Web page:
Annual meeting April 25 In 2016, IBM CEO Ginny Rometty received a 65% increase in total disclosed compensation: $32.7 million. A significant portion of the increase was due to a large stock option grant. Companies with large option grants sometimes contend that the figure in summary compensation tables overestimates the value of options. They rightly note that options only have value when stock price increase is complicated stuff: Myron Scholes, after all, won the Nobel prize for Economics in 1997 in part for his role in creating the Black-Scholes method. In this case, however, experts believe the value as presented may be an understatement.
As analyzed by ISS and further by Melin Anders of Bloomberg, IBM’s calculation of stock options – the same it has used for many years but highlighted this year by a grant of 1.5 million options valued at $12.1 million -- is problematic. “Based on [ISS] calculations, the award [as estimated by the company] is almost 60 percent below the proxy adviser’s own ‘fair value’ estimate of about $29 million. That’s the biggest gap for S&P 500 companies that granted options to executives last year.” Melin also points out that the option award was granted at near the company’s five year low trading price. Although there were price increase criteria attached, the stock price has since recovered enough that those have already been met.
Even without this analysis of option value, there’s a growing consensus that Rometty is overpaid. Michael Hiltzik wrote a great column this year calling her package, “proof that IBM continues to set the standard for overpaying its CEO for mediocre performance.”
Indeed, IBM appeared on our list of companies with overpaid CEOs last year as well. In 2015 Rometty received a $4.5 million bonus, up $900,000 from 2014. This high pay came amidst falling profits and revenue.
This year her bonus increased again, by $400,000. In a document IBM filed at the SEC this month the company noted that, “The long-term incentive plan paid out at 32% for the 2014-2016 period due to lower operating EPS and free cash flow performance in the three year period.” However, it is critical to note the way EPS is influenced by stock buybacks.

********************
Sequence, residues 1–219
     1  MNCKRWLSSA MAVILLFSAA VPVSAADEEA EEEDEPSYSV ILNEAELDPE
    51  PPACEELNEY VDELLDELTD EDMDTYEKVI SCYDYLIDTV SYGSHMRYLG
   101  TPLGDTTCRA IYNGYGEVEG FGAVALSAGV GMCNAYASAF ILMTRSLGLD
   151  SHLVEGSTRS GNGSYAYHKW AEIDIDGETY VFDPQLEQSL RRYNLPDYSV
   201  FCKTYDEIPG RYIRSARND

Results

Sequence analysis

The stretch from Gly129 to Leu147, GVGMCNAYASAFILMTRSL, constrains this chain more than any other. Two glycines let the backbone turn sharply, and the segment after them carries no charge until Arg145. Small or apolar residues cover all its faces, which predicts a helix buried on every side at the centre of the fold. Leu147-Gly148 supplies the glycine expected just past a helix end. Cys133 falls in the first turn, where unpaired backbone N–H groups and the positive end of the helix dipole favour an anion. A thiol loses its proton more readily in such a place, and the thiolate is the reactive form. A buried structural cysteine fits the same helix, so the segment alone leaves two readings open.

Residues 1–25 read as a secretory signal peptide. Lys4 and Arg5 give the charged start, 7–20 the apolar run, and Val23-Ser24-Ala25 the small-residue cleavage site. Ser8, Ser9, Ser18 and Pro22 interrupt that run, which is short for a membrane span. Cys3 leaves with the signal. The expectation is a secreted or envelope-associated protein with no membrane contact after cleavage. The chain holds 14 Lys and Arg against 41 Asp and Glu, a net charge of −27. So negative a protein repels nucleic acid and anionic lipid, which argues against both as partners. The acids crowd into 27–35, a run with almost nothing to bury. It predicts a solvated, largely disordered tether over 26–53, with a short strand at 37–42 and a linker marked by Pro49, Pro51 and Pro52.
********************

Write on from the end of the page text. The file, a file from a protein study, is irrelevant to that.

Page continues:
A stock buyback is just what it sounds like: a company buying back some of its stock in the open market. There are times it may be appropriate, if the shares are undervalued and there’s really nothing better the company can do with the cash. But it also reduces the number of shares out there, making EPS look better by lowering the number of shares in the denominator of the fraction. Robert Ayres has as pithy an explanation of buybacks as I have seen: “When compensation is tied to share price, [executives] are rationally driven to take advantage of any legal mechanism to drive share prices up during their tenure.”
Ayres uses IBM as an example in “The Economic Consequences of Shareholder Value Maximisation” on the flaws of linking compensation primarily on stock performance rather than company performance.
“Since the 1990s, blind dedication to Shareholder value maximization (which continues) has led to unending emphasis on cost-cutting (by job cutting), lack of product innovation and the use of cash to finance corporate stock buy-backs. Between 2005 and 2014, IBM delivered US$32 billion in dividends to shareholders and spent US$125 billion buying its own shares (to prop up the share price), while investing only US$111 billion in capital investment and R&D combined.”
Much more has been written and will be written about larger failures of IBM. Where did the circle start? It could have been when pay for performance was adopted in a narrow way that rewarded stock performance above all else. It could have been when buybacks became an accepted way to prop up stock price. It could have been when shareholder value primacy was widely adopted.
The question is who is going to stop the spiral. Shareholders play an important role with their votes. A strong, appropriately engaged board should also provide a check. Some of these larger strategic issues predate Rommety’s promotion to CEO in 2012, though she has been at the company since 1981. There has been a fair amount of turnover in the board, which may be another governance red flag, but there remain five directors who have served more than 10 years. The longest serving director, American Express CEO Kenneth Chenault – himself an overpaid CEO – has been on the board since 1998. Glass Lewis & ISS have both recommended against the compensation plan, so many shareholders will vote against. We may see significant opposition to directors as well.